Owe Nothing to Anyone
"Will that be cash or charge?"
"Oh, that will be cash. The Bible says 'Owe nothing to anyone."
Well, it does say that, doesn't it (Romans 13:8)? But, of course the context is not talking about buying things on credit. It is not telling us that we must pay for our meal at a restaurant before we eat and not after. In fact, it is not talking about mere financial obligations at all, although it could include that.
Instead, it is a prohibition from incurring moral indebtedness. We are not to mistreat others in any way, but always do what is right and honorable. While this would include financial aspects of our lives, it would include other aspects as well. Just as we are not to cheat someone financially, neither are we to deceive them in other ways, or gossip about them, or seek their harm in any way. Consider the passage in context:
"Owe nothing to anyone except to love one another, for he who loves his neighbor has fulfilled the law. For this, 'You shall not commit adultery, you shall not murder, you shall not steal, you shall not covet,' and if there is any other commandment, it is summed up in this saying, 'You shall love your neighbor as yourself.' Love does no wrong to a neighbor, love therefore is a fulfillment of the law. (Romans 13:8-10).
So the Scripture is not talking about the legitimate, lawful incurring of financial debt, but the illegitimate, unlawful incurring of moral debt.
Fulfilling The Law
"Owe nothing to anyone except to love one another, for he who loves his neighbor has fulfilled the law." (Romans 13:8). The law had much to say about interpersonal relationships. To sum it all up, all these commandments would fall under the single command, "Love your neighbor". If one truly loves his neighbor, then he would treat his neighbor according to the many commandments of the law.
This is certainly still true today. Under the law of Christ our relationships with others could be summed up the same way, to love our neighbors as ourselves. For example, we are to "bear one another's burdens, and thus fulfill the law of Christ" (Galatians 6:2). We are told to "Let all bitterness and wrath and anger and clamor and slander be put away from you, along with all malice. And be kind to one another, just as God in Christ has forgiven you. Therefore, be imitators of God, as beloved children; and walk in love, just as Christ also loved you..." (Ephesians 4:31-5:2a). Also, Jesus told His disciples that the greatest commandment after loving God is to "love your neighbor as yourself." (Matthew 19:19). Paul quotes these words of Jesus later in the context (Romans 13:9b). We fulfill the law of Christ with respect to our relationships with others only when we have this unselfish, active goodwill toward them.
The Commandments and Our Neighbors
"For this, 'You shall not commit adultery, you shall not murder, you shall not steal, you shall not covet,' and if there is any other commandment, it is summed up in the saying, 'You shall love your neighbor as yourself. Love does no wrong toward a neighbor, love therefore is a fulfillment of the law." (Romans 13:9,10).There were both Jews and Gentiles at the church in Rome. The Jews knew the Law of Moses well. Paul points out to them that loving people the way Jesus said we should is not an entirely new concept. The Law of Moses had taught pretty much the same thing.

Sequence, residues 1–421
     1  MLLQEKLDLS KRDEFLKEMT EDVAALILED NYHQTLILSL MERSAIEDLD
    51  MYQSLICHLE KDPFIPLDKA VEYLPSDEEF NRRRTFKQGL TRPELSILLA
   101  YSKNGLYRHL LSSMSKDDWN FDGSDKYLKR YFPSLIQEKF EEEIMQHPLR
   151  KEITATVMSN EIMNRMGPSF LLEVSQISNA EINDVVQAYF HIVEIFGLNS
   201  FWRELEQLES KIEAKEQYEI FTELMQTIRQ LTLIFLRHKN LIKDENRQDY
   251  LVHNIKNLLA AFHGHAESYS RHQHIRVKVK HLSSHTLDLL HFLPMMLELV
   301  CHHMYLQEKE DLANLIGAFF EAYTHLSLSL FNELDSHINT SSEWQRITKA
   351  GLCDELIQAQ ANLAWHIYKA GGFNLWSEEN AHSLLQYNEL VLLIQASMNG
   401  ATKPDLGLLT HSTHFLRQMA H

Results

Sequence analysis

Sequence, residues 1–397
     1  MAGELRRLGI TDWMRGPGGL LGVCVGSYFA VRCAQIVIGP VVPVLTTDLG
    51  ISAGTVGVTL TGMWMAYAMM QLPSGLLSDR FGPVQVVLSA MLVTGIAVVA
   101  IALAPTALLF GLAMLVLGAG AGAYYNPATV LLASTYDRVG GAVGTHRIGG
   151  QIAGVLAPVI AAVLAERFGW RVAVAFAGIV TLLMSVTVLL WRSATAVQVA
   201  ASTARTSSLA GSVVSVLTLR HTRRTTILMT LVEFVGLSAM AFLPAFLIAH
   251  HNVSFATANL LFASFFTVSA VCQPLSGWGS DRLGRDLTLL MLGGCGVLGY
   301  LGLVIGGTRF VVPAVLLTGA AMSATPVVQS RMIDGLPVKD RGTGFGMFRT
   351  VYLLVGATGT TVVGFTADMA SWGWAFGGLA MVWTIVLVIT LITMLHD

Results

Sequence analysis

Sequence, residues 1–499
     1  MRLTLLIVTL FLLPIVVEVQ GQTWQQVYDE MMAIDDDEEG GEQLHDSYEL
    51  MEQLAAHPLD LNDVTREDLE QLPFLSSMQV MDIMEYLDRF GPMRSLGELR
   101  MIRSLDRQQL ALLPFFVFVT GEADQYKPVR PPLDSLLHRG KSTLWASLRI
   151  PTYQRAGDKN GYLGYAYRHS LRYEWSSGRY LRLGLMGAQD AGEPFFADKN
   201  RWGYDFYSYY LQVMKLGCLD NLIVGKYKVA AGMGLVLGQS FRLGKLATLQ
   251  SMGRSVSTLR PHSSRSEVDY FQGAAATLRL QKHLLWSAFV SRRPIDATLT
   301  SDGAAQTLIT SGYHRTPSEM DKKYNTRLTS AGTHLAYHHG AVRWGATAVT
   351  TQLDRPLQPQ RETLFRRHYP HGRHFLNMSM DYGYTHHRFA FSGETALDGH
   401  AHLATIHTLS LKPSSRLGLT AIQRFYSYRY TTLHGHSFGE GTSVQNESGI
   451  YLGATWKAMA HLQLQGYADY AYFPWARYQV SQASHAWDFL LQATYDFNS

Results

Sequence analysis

Something else; it is suggested that we owe it to others to treat them this way. We are to consider love as a debt we owe to others. I should never place myself in the position of owing someone something because I have mistreated them and justice demands I make it up to them. There is no circumstance which allows me to be dishonest or hateful. We are told to "respect what is right in the sight of all men" and never to take "your own revenge" (Romans 12:17-21).
With reference to the commandments of the Law of Moses, the Law of Christ certainly elaborates upon them. For example, Jesus not only condemned adultery, but also lust. He taught that his disciples were not only to refrain from murder, but also from hate (Matthew 5:21-22; 27-28). Jesus taught us to be perfect, or complete in our love for others. He said if we only love those who love us in return, we are no different than unbelievers. Instead, we are to be perfect, loving the just and the unjust, just like our Father (Matthew 5:43-48).
Motivation to Treat Others Righteously
"And this do, knowing the time, that it is already the hour for you to awaken from sleep; for now salvation is nearer to us than when we believed. The night is almost gone, and the day is at hand. Let us therefore lay aside the deeds of darkness and put on the armor of light." (Romans 13:11,12).
It is time to wake up to the spiritual realities of our positions as it relates to eternity. It is not the time to go through life in a spiritual stupor as many seem so intent to do. It is time to wake up because the gospel of light is entering into a dark world shedding its light everywhere. Its promise of eternal salvation is closer to being realized by men and women of faith today than it was yesterday, and each day moves us closer to eternity. God now commands men everywhere to repent (Acts 17:30) as the gospel of grace finds its way through the world.
Christians should always live with the awareness that discipleship is serious business. Sadly, many still sleep, ignoring the approaching eternal darkness that awaits them if they do not seek the light today. Our motivation to obey God, including those commands to love others, is that salvation is now closer than when we first believed.
We are to live righteously with respect to others, never placing ourselves into moral indebtedness to others because we have sinned against them. In this sense, we are "owe nothing to anyone" with but this exception: we owe them our love.
By Jon W. Quinn
From Expository Files 9.6; June 2002